The reservoir rose above the neighbouring fields, its sloping banks covered waist high grasses, thistles and stinging nettles. The surrounding fields were black, with rich, fertile soil planted with bright green lettuce. Around the edge of this rectangular body of water a broad fringe of reeds sway in a gentle breeze. The leaves were packed close and vibrant green with this years growth. Beyond the reeds the bottom drops away and the rippling open water was clear, reflecting a bright blue sky above.
There was bird song all around. Whitethroat’s singing in the hedgerow, the onomatopoeic Chiffchaff song comes from a small copse along with the bubbling chatter of Blackcaps. Skylarks soar above the fields with its incessant, rolling and whistling song. Out on the rippling water Great Crested Grebes swim serenely, while a pair of Common Tern briefly dance across the sky.
In one corner of the reeds, just a few paces from the bank but so well hidden you would walk past it time after time, is a flattened patch of reed that makes up a nest. Sitting on this nest were four beautiful, downy birds of prey chicks. They have a dark eye, hooked bill and bright yellow legs with fearsome looking, pointed talons. The feathers coming through the white fluffy are chocolatey brown, with a hint of reddish brown on the top of the head. These are Marsh Harriers.
Somewhat larger than Buzzards but slimmer with narrower wings and a longer tail. In flight they create a distinctive V shape by holding their wings up. Males are brown on the back with a paler head and neck, the wings are grey with black tips and the belly is gingery brown. The females are chocolatey brown with a creamy head, and as with most birds of prey they are bigger.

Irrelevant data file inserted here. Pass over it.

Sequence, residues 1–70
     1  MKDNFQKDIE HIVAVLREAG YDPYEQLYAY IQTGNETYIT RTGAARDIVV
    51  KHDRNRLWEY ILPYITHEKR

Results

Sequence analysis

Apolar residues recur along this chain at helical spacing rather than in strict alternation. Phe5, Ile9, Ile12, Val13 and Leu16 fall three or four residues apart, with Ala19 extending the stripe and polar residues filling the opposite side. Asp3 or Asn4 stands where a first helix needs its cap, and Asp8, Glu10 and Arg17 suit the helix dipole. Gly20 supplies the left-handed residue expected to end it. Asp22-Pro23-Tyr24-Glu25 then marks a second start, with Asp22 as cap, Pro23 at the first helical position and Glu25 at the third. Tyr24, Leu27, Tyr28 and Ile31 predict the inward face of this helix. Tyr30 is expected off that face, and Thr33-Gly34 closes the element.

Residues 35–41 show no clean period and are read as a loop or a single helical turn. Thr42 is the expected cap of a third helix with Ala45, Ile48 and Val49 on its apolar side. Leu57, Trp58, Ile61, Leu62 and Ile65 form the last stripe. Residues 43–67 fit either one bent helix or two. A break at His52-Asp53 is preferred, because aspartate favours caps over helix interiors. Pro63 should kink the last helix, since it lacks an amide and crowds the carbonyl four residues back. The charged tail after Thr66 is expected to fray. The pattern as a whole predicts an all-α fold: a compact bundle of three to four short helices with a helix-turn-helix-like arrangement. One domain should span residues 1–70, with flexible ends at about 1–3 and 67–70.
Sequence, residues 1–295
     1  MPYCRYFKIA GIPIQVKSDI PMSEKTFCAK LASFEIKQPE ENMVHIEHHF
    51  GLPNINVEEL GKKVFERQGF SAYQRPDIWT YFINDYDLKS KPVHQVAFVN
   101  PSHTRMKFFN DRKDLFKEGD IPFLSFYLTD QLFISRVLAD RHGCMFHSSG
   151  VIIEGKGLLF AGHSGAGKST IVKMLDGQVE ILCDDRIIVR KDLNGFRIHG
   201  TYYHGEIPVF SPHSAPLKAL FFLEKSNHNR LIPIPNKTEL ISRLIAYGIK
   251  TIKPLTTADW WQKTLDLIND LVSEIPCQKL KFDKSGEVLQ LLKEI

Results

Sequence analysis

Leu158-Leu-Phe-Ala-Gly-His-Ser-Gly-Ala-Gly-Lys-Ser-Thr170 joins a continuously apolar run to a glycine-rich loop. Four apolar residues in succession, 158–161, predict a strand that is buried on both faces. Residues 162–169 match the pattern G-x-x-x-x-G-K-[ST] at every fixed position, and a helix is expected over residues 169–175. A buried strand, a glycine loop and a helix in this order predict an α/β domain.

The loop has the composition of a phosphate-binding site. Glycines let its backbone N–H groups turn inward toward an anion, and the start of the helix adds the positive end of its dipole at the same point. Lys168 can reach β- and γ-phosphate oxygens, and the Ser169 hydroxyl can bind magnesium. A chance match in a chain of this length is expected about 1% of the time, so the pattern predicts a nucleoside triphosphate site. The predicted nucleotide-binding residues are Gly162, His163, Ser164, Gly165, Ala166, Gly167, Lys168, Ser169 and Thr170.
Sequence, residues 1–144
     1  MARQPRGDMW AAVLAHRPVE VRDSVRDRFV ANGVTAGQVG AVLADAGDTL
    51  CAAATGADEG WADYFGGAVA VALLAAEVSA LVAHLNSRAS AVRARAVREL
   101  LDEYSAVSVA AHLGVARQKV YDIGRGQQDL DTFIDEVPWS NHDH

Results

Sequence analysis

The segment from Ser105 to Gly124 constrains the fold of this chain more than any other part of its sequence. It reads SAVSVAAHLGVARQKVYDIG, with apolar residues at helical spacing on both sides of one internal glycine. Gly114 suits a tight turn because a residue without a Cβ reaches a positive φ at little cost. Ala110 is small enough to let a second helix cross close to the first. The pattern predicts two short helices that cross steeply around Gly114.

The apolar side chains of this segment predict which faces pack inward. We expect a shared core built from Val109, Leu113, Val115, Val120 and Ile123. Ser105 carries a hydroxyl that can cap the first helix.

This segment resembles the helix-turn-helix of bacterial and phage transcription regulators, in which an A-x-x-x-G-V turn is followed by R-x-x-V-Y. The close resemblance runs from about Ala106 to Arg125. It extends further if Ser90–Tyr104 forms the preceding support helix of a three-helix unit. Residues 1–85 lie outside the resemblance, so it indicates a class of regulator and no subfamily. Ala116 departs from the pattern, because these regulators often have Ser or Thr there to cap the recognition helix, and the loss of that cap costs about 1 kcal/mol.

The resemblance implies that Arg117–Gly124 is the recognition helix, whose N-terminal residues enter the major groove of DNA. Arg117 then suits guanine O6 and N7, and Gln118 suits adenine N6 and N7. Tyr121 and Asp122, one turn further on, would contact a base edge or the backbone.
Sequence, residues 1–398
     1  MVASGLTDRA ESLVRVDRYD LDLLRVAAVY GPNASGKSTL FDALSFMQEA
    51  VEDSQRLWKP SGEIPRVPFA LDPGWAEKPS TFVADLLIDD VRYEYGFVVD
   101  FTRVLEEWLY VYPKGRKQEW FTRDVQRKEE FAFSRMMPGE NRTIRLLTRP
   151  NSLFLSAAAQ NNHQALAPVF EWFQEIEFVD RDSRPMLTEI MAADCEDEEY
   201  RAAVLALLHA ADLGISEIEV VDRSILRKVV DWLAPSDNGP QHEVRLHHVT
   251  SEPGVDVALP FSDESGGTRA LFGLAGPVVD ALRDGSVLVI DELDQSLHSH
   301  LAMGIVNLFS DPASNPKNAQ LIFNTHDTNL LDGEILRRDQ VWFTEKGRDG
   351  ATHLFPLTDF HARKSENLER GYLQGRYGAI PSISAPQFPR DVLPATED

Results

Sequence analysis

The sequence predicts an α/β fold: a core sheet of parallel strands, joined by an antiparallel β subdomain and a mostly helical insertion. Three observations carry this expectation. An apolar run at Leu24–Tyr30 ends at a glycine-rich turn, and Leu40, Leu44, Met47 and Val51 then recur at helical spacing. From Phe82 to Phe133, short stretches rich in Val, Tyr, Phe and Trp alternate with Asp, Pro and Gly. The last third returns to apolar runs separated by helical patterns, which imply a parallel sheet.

After decades of persecution and habitat loss, in 1971 there was just one nesting female in the whole of the country. Today, with years of conservation effort there are now nearly 400 pairs and they are spreading from their stronghold in East Anglia. Still mainly nesting in reed beds, some are now to be found nesting in fields especially rape. And although still predominantly migrants, with birds arriving in April to breed and then leaving in October to winter in Africa, many are now beginning to overwinter in the UK. Despite this recovery the species is still listed as Amber on the Birds of Conservation Concern and are a Schedule 1 listed bird on the Wildlife and Countryside Act.
This pair has been known to nest on this farm for a number of years but the nest has never been found. This year, once released from lockdown, there seemed to be a steely determination in Lee to find it, especially as sightings seemed to indicate the nest was in a reasonably accessible location. With the appropriate licence in place the search was on. Still it took a number of visits to pin point it, but Lee’s persistence finally paid off.
And so a week later we found ourselves sitting on the bank of the reservoir with four Marsh Harrier chicks between us. Each one is weighed and measured first in order to check the sex and to make sure the correct ring size is put on. Turns out this was an all male brood. Each chick was then ringed with a metal ring and given a wing tag, before being returned to the nest in the reeds.
It will be exciting to see these chicks flying around, to see if we get any sightings of our ‘gang’ and to find out if they stick around in the UK over winter and where they will return to breed.